The use of fresh materials helps Lush ensure the quality of its ingredients and Platt says the company will often pay more for these raw materials as it wants the best. It also likes to work with local producers and this very much applies to its fruit and vegetables that play a large part in Lush’s distinctive fruity flavours and aromas. The likes of blueberries, seaweed, garlic, lemon and cucumbers are regular ingredients and much of it is local alongside Dorset sea salt, Isle of Wight vodka, and the ground materials from Bad Hand Coffee in nearby Bournemouth.
Demands on suppliers
The sourcing of ingredients is recognised as a challenge, with Cadi Pink, supply chain impact manager at Lush, highlighting that Lush has 1,300 global suppliers. The selection process is particularly sensitive to Lush as 80% of its emissions are within its supply chain. “We’ve put a lot of money to work with our suppliers such as funding replanting schemes and reducing pesticide use,” she explains.
Sourcing the likes of butters and essential oils invariably involves different suppliers in different locations and they are often at different stages of the journey of working with Lush and its environmental standards.
The essential oils certainly play a vital role as they define the distinctive Lush fragrances that differentiate its products and they are all created in-house. “Other companies might employ external perfumers but we do it in-house. The fragrances are all done in the UK and very much protected,” says Platt.
These scents waft around the compounding area in the manufacturing facility is where the raw materials are mixed together to create the products. “We make sure every single mix is what the customer expects. The products are all handmade and if the batches are not quite right then it will be seen by human eyes and addressed,” she says, adding that the beauty of hand-making products is that it fosters an inventive mind-set. There is no need to have to deal with the costly and time-consuming tooling-up the production line for a new product.
Ability to be super creative
This inventiveness and speed to market is also fuelled by the lack of preservatives in the products. “It allows us to be super creative, even if it’s a challenge. We can invent a product and it can be in production in two weeks. This allows us to be very reactive,” she says.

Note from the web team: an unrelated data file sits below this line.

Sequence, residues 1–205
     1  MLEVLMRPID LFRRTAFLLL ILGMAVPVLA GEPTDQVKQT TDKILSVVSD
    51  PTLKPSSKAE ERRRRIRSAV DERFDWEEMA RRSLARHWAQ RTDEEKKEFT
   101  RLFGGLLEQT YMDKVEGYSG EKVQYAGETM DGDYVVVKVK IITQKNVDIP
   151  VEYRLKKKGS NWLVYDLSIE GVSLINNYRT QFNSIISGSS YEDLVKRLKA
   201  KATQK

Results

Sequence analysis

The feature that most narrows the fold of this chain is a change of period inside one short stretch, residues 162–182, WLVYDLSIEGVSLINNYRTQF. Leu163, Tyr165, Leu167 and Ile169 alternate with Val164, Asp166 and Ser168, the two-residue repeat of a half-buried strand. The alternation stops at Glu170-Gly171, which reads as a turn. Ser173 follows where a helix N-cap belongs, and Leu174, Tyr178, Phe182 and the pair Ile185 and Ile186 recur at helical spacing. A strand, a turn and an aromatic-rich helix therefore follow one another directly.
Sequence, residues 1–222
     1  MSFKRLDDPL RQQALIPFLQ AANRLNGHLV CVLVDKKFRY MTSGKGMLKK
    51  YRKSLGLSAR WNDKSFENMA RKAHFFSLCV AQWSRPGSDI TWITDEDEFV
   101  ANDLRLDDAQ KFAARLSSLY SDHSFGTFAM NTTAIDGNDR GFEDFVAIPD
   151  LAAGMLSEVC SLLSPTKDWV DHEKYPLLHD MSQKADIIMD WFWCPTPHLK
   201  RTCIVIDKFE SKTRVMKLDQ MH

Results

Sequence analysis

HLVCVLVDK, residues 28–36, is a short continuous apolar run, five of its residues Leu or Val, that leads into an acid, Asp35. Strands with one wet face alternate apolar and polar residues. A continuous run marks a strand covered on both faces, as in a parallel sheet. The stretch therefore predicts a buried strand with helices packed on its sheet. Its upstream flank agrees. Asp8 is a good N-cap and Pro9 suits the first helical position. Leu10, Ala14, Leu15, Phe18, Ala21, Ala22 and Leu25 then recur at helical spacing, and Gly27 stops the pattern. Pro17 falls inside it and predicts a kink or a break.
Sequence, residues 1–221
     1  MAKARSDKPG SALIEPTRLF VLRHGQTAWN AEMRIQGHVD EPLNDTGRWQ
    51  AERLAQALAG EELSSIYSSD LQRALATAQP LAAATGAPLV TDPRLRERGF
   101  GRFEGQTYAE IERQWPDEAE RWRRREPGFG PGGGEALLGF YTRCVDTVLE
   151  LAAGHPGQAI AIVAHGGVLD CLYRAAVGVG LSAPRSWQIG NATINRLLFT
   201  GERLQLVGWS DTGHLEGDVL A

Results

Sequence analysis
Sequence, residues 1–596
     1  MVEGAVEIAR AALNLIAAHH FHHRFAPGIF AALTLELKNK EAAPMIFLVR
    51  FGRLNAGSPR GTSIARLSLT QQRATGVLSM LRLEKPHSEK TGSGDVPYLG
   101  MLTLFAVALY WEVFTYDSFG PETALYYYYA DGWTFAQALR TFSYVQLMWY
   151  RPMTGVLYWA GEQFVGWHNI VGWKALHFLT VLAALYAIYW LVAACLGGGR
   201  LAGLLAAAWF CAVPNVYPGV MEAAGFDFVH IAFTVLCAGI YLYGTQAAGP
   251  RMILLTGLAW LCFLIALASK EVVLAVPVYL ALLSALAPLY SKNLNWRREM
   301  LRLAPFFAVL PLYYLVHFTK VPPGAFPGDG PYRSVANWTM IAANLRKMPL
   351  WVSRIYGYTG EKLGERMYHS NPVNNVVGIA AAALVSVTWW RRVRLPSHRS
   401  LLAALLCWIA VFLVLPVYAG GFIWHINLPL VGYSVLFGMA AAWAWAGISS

This thinking encompasses the company’s various product areas that predominantly focus on bathing and shower products – including bubble bars and bath bombs. However, it also includes the likes of face masks and toothpaste tabs as well as a modest make-up range including mascara and lip gloss and the company continues to look for new opportunities.
“We’ve a ‘Secret Cosmetics Plan’ and it is to create a product for every need. We’ll listen to customers and react to them,” says Platt, adding that Lush will look at all these potential opportunities through the environmental lens and packaging is one obvious area where it has a strong focus and this very much involves the Green Hub.
One consideration has been to use re-fill stations in retail stores, according to Pink, but she says: “It’s a difficult area for us to go into with our fresh products. It would be difficult to store them. We did ‘Bring It Back’ because it’s like a deposit scheme with an incentive – 50p back when you return the pot. The rate of returns has gone up from 7% to 16% since we introduced the 50p incentive. In-store staff are educating customers on this.”
Meanwhile, Lush is also educating much of the retail sector as it pushes ahead with its progressive environmental agenda of which the Green Hub is playing an increasing role.